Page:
6. Ensure that those that make decisions that affect the partnership are incentivised for both risk and reward performance. So, the incentive scheme is there to make sure the balance between the partners is managed appropriately.

Let's go to two of those. Let's understand then the reward part really well. For that, we need a really good strategic plan, which is, where do we want to be in three years' time, and the right business plan of how are we going to get there? I'm still amazed at the number of times we go out to clients and we start doing risk work with them. I always asked for a series of information from the customer or the client. The top of the list is the strategic plan and business plans.


So many times I get a call back saying, we want to know why you want the strategic plan. Here is an organisation that doesn't in any way link risk with reward. Or secondly, they say, "Well, I actually our strategic plan and business plan isn't very good. We don't have very measurable targets. So, we often back-fill." You can't do any decent risk management unless you have a very strong strategic and business plan with measurable KPI targets.

Second part then is risk appetite.


What is the maximum amount of risk that we are allowed to take? This puts a size around the risk partner. We think about what risk appetite is, the maximum amount of risk that we are willing to take in pursuit of our objectives. So, how big, and I don't mean physical, how big can the risk partner be? Because that is going to determine the maximum size of the reward partner, because they are linked.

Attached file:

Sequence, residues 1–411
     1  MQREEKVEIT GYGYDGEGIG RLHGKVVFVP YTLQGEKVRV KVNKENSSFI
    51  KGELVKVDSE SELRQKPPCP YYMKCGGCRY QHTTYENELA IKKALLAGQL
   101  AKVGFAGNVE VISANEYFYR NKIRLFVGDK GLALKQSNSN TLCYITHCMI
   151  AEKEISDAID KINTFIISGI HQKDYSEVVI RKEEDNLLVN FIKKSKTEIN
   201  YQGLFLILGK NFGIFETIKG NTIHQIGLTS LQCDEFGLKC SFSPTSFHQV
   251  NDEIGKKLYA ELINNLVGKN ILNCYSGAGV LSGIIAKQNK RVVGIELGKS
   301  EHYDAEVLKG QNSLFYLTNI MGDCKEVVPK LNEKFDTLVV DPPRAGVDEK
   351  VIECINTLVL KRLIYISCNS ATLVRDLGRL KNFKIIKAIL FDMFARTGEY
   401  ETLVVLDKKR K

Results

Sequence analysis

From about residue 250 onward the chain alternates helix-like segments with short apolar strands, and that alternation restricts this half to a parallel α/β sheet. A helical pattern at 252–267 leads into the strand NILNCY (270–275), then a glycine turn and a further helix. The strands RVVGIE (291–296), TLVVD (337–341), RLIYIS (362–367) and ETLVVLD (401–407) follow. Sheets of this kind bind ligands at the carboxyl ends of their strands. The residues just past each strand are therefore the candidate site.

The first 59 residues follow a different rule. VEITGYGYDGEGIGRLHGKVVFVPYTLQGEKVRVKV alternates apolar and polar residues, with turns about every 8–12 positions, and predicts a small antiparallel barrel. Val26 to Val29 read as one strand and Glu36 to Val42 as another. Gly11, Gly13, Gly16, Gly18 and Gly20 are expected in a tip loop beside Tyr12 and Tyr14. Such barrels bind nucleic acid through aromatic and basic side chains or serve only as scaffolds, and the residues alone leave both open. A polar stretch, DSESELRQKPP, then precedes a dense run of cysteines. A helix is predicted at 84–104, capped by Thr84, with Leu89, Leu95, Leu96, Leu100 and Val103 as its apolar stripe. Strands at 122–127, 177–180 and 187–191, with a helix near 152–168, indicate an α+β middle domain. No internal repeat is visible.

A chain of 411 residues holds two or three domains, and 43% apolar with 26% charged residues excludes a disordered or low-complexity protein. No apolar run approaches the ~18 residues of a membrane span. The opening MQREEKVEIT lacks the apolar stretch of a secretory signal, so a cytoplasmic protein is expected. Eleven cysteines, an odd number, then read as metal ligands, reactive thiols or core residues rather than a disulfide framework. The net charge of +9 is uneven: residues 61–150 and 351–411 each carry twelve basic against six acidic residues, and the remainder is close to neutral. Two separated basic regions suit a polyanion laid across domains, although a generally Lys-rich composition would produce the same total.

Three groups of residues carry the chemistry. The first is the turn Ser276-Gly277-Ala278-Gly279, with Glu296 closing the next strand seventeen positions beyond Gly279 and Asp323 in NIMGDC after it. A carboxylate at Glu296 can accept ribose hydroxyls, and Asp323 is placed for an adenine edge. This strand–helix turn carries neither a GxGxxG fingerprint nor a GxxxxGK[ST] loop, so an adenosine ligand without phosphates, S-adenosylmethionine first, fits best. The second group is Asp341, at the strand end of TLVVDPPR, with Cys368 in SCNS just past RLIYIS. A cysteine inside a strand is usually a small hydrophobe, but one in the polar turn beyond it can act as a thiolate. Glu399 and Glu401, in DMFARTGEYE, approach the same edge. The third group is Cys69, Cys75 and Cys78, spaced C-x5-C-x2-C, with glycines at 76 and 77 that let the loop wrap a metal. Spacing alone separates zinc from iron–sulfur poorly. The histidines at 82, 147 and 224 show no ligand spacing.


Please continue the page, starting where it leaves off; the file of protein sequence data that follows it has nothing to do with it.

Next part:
Now, in this instance, we call the risk appetite, freedom within boundaries. I want to give you a little illustration of this. We're going to use this illustration to really have a look at the relationship between risk and reward for decision making. Let's start off then with risk appetite, an illustration. Imagine that you and your partner have two children, Jenny, we've already met Jenny and Johnny.


This weekend you want to go to the local park. And your objective with your partner is to have wine and cheese and chat about the film you saw last night on a picnic rug in the middle of the park. 

Johnny and Jenny, they have got different objectives. They are off, they want to go play. They want adventure and fun. You say, "Wait a second. Before you go, don't go too far away." Why? Because over there, there's really high trees, there's a rock ledge over there, there's a main road over this side and a river over here. And we know that the further they go away from the picnic rug, the greater the risk. It's a risk proxy or risk indicator. In addition. We can't supervise them as well, so our controls are weaker the further they go away.

So, Johnny says, "How far is that dad or mom?" Now, you're not allowed to mark the park. The line's  invisible. Poor old Johnny doesn't know quite where that is, and you have to explain it. So, you say to Johnny, "It's, a pretty big area." In our view of the world, big is risk appetite.